Do corporate values limit diversity in the recruitment process?
A properly thought-out recruitment process is vital to an organisation’s success, and each business must ask whether basing its recruitment on corporate values, of which diversity could be one, is limiting its cognitive diversity.
Cognitive diversity recognises that people look at the world in different ways based on their own experiences. Skin colour and sex should not have an effect on cognitive style but age, education and religious upbringing might.
But corporate values are important?
Most businesses have corporate values, defined as being the operating philosophies that guide conduct and relationships with customers, partners and shareholders. These values set a vision and align people behind a common purpose. People like organisations with good values and, all else being equal, are attracted to an organisation that is passionate about what it does.
Has anyone got it right?
Apple has an extremely diverse and innovative workforce. Recent court documents revealed that its approach for developing new products involves hiring “super creative” people with “maniacal” tendencies, sit them round a table, give them a job to do and let them get on with it. Cognitive diversity seems to be a by-product of Apple’s recruitment strategy. But if you hire the wrong people and expect them to innovate, it won’t work.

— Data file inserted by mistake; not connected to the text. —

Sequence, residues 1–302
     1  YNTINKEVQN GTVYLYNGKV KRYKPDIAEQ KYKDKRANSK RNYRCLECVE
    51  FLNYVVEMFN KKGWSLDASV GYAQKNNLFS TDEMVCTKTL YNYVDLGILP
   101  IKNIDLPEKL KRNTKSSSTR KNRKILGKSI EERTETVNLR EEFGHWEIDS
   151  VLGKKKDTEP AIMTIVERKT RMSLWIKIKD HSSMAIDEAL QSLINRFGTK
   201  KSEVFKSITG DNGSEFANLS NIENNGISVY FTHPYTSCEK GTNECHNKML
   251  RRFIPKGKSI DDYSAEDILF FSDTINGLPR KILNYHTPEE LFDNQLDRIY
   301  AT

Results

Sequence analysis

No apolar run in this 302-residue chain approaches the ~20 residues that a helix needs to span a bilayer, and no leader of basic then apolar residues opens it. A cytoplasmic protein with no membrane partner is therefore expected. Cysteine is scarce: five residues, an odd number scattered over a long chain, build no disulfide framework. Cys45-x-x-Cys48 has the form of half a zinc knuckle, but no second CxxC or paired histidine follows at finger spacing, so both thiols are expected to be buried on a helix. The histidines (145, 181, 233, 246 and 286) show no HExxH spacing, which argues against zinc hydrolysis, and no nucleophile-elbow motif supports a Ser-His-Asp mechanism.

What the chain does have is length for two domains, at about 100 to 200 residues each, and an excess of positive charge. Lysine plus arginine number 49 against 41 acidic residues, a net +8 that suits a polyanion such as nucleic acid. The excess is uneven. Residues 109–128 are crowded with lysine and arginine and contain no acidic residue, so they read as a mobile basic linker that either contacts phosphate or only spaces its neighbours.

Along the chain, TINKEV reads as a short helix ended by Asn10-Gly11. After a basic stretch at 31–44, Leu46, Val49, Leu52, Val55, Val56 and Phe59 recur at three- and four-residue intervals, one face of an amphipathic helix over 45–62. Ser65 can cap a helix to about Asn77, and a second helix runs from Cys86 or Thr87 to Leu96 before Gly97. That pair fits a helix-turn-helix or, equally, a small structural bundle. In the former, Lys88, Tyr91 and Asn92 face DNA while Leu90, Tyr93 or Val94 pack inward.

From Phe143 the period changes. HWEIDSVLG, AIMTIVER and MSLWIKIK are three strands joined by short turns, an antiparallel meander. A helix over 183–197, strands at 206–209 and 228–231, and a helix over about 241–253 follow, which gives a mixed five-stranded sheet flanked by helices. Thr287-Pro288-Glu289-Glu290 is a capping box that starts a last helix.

So how do corporate values get in the way?
Organisations often base their recruitment processes on finding people who “fit” with their corporate values. This can reinforce people’s tendencies to recruit people like themselves, with similar backgrounds and views of the world. In financial services, for example, many firms hire similar people. It is easily done and can lead to an attitude of institutional racism or sexism despite everyone fitting with values that, in themselves, are honourable.
Hiring the same types of people certainly won’t produce a diverse and innovative workforce. Corporate values can also divide the workforce and alienate people – to the point where if you deviate from the company line you could be side-lined and no longer listened to. “Groupthink” is another danger.
Can diversity cause confusion and delay?
Of course, if not everyone has the same opinion you might get more differences of opinion and delays. But you arguably get better decisions because there are more options available and there is less risk of groupthink. I would much rather work with people who have different ideas.
What should employers do?
They need to think carefully about the benefits of recruiting based on corporate values and what they are looking to achieve. Is diversity just a corporate value to tick a box, or do you really want a diverse workforce?
Enlightened and cognitively diverse staff might be more independent, moral and less obedient, but they bring new ideas and innovation. They will have a mind of their own and might refuse to cross the line for short-term profit and a nice end-of-year bonus.
Values and culture motivate behaviour. If a company wants to innovate, make better strategic decisions and build trust with customers, pure diversity should be ingrained in corporate culture, that all starts with a well-thought-out recruitment strategy.
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